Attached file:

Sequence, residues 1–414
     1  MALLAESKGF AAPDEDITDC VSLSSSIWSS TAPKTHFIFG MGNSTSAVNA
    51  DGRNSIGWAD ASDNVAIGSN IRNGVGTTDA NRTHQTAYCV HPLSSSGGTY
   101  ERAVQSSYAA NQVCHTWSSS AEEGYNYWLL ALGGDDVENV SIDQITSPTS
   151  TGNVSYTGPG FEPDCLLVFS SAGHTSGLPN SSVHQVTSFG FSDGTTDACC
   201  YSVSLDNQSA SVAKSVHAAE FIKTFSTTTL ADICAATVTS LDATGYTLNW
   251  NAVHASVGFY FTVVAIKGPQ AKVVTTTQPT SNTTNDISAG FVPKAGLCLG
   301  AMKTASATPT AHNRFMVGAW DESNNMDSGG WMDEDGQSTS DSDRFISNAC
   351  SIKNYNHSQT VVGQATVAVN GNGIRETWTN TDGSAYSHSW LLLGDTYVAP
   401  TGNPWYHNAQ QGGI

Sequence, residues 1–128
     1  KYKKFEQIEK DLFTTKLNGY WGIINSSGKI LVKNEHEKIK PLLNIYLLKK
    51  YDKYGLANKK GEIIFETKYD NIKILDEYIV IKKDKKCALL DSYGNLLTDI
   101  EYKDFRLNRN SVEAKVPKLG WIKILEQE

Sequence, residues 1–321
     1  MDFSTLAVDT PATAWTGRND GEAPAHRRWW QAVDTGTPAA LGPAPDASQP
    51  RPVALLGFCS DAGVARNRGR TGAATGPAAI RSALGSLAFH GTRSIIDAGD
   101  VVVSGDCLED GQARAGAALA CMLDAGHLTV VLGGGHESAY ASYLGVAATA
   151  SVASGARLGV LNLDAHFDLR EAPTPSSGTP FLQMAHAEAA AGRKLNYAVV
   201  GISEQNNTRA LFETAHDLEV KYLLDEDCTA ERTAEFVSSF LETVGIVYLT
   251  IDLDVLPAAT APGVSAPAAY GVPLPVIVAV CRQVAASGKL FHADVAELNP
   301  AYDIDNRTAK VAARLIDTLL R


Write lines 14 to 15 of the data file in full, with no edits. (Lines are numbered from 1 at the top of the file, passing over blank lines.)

   101  EYKDFRLNRN SVEAKVPKLG WIKILEQE

Sequence, residues 1–321